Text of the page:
'A Decent Proposal' is, as its title implies, a decent episode if not a great one of 'Central Park'.
- 🎤 The balance of the ensemble is very effective throughout.
- 🎤 Owen's neuroses are on very funny display.
- 🎤 The ode to dogs frolicking in the park is a high point.
- 🎤 After last week's episode, this standard-issue episode feels a bit less special.
- 🎤 The romantic twist at the end feels predictable.
- 🎤 The voice performances are a bit less lived-in than usual.
This post contains spoilers for Central Park.
Check out our last review here.
After the format-breaking story of last week’s episode, “The Shadow”, this week, Central Park is back on more traditional footing. The penultimate episode, “A Decent Proposal”, features all parts of its ensemble in some capacity with a more recognizable balance between an A-story and a B-story, and a generally more familiar blend of humor and music. On one hand, it’s about as effective a standard episode of Central Park now is as it approaches the end of its second season. On the other, it’s not going to stand out in the memory nearly as much as last week’s did.
The title may seem like a less emphatic play on words, but it really does focus on a more effective wedding proposal than the one Owen Tillerman (voiced by Leslie Odom, Jr.) delivered to his wife Paige (Kathryn Hahn) years ago. Owen realizes he has a chance to stage a truly memorable proposal after he picks up a seemingly empty wine bottle left in the park only to realize it’s part of a possible wedding proposal connected to, of all things, the Tom Hanks film Cast Away. Meanwhile, Molly (Emmy Raver-Lampman) goes into the belly of the beast — the penthouse of Bitsy Brandenham (Stanley Tucci) -- to accompany her boyfriend Brendan (Eugene Cordero), who’s also a Brandenham for Bitsy’s birthday party. Once there, Molly feels alienated by all of the extremely rich old guests, only to realize that Bitsy too is alienated in a sense, as they both hide out in Bitsy’s greenhouse. The C-plot features Cole (Tituss Burgess) trying to help his favorite dog Champagne enjoy play time with a Great Dane whose owner treats Champagne dismissively, mostly notable for a song, "Puppy Love", written and performed by Paul Rust and Michael Cassady of Don’t Stop Or We’ll Die.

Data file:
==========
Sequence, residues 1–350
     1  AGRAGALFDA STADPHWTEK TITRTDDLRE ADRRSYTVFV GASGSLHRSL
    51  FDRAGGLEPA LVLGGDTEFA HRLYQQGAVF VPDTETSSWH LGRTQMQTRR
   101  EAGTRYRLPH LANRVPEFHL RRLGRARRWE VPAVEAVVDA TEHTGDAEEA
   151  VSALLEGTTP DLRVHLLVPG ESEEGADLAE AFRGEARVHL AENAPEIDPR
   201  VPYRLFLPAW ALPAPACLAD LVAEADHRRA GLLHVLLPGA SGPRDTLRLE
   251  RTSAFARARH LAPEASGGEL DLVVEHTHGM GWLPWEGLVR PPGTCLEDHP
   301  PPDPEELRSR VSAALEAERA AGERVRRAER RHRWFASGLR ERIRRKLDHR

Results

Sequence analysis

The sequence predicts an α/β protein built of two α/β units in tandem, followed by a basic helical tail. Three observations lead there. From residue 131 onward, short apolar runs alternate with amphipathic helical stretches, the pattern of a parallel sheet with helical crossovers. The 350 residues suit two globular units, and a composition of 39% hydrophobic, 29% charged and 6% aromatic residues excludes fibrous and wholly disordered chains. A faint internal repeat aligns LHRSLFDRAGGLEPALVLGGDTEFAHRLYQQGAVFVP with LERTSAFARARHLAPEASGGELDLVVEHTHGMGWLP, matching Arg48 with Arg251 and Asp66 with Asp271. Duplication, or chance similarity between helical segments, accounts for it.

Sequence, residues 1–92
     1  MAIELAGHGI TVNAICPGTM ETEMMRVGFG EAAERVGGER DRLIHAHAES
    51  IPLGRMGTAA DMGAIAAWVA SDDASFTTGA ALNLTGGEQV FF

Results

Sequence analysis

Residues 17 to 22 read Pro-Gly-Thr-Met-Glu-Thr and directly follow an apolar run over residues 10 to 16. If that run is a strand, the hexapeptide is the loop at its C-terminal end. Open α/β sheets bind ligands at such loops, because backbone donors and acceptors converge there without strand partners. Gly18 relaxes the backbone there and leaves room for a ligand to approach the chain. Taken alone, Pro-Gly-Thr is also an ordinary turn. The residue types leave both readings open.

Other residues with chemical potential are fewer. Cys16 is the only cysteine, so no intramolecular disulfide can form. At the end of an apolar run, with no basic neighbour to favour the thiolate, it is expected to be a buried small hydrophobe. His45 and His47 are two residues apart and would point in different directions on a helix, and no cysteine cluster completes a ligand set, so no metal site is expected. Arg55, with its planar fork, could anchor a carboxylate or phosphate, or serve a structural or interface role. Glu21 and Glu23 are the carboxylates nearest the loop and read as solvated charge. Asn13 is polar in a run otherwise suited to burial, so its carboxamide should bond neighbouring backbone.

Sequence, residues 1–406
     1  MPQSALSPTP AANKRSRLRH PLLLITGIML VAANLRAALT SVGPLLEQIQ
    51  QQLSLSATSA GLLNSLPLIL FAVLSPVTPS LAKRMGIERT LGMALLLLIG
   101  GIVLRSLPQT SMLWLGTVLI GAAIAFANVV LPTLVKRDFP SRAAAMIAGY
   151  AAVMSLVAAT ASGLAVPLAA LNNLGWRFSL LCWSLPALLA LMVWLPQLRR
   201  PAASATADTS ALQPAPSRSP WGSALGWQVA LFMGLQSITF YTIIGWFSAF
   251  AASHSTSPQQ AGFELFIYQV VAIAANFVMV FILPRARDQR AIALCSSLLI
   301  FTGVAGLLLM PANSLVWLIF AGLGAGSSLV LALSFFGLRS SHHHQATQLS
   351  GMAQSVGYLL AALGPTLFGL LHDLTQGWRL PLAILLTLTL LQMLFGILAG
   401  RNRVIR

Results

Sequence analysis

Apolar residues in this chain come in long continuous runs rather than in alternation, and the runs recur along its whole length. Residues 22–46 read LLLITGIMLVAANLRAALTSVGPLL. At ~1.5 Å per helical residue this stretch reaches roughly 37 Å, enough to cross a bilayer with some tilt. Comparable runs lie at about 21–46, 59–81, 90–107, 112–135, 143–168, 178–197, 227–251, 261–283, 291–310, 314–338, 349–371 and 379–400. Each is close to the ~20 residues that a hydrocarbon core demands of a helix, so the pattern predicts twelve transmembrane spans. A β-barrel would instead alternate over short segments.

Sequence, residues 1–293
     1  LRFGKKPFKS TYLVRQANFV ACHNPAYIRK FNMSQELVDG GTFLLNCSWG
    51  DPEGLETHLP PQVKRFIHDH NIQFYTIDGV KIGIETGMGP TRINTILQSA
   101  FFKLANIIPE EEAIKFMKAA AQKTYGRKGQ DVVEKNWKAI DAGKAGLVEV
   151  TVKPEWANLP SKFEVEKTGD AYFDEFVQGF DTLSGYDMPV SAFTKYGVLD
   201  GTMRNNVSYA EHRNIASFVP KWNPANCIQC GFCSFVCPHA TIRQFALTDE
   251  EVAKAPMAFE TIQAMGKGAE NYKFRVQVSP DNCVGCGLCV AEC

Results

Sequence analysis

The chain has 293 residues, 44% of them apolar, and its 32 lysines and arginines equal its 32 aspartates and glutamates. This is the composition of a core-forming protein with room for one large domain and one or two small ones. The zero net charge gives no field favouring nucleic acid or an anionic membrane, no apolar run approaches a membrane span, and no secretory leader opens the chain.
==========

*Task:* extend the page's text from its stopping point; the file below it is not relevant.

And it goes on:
When the second season of Central Park began, there was the renewed specter of Bitsy trying her hand at some kind of power-grab. But now, as the show winds down its sophomore effort, it’s all too clear that even though the uber-rich old woman is still a regular part of the story, she’s become much closer to a tetchier version of the loopy Mr. Fischoeder (Kevin Kline) from Bob’s Burgers, which shares an animation studio and creative team. The last couple episodes have succeeded at softening Bitsy; here, she’s generally nasty to the rich people who attend her party in spite of not really being her friends, but she has a brief moment of bonding with Molly, who she eventually recognizes from the previous season’s events. Bitsy’s identity has been a topic of discussion through much of the season, as she grapples with trying to one-up others even as she acknowledges it’s as much her getting back at her long-dead parents as anything else. But the softening of Bitsy also feels somewhat at odds with how her season began, with the possibility of either creating sprawling apartment complexes near Central Park to the distaste of her fellow rich folks, or buying Paige’s newspaper.